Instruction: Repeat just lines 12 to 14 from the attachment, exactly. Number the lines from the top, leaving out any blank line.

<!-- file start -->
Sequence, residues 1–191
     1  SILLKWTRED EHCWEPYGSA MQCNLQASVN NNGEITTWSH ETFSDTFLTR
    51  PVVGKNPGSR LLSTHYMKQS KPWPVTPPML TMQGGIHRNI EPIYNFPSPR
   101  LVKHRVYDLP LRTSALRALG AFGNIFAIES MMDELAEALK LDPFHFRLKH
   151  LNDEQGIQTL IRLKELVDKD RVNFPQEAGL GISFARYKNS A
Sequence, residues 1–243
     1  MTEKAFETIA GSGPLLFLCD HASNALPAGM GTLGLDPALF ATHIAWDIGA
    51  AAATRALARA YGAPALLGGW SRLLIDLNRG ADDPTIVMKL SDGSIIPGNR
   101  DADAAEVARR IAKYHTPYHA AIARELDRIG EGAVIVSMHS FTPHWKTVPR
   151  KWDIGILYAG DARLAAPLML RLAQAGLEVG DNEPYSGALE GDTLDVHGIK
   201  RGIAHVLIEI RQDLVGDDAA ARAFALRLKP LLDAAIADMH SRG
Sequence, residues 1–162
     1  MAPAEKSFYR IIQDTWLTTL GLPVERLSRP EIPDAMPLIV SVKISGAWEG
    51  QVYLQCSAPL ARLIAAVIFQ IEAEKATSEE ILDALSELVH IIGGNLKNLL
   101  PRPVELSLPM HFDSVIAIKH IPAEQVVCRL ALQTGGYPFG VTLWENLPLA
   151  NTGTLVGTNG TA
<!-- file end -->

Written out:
Sequence, residues 1–162
     1  MAPAEKSFYR IIQDTWLTTL GLPVERLSRP EIPDAMPLIV SVKISGAWEG
    51  QVYLQCSAPL ARLIAAVIFQ IEAEKATSEE ILDALSELVH IIGGNLKNLL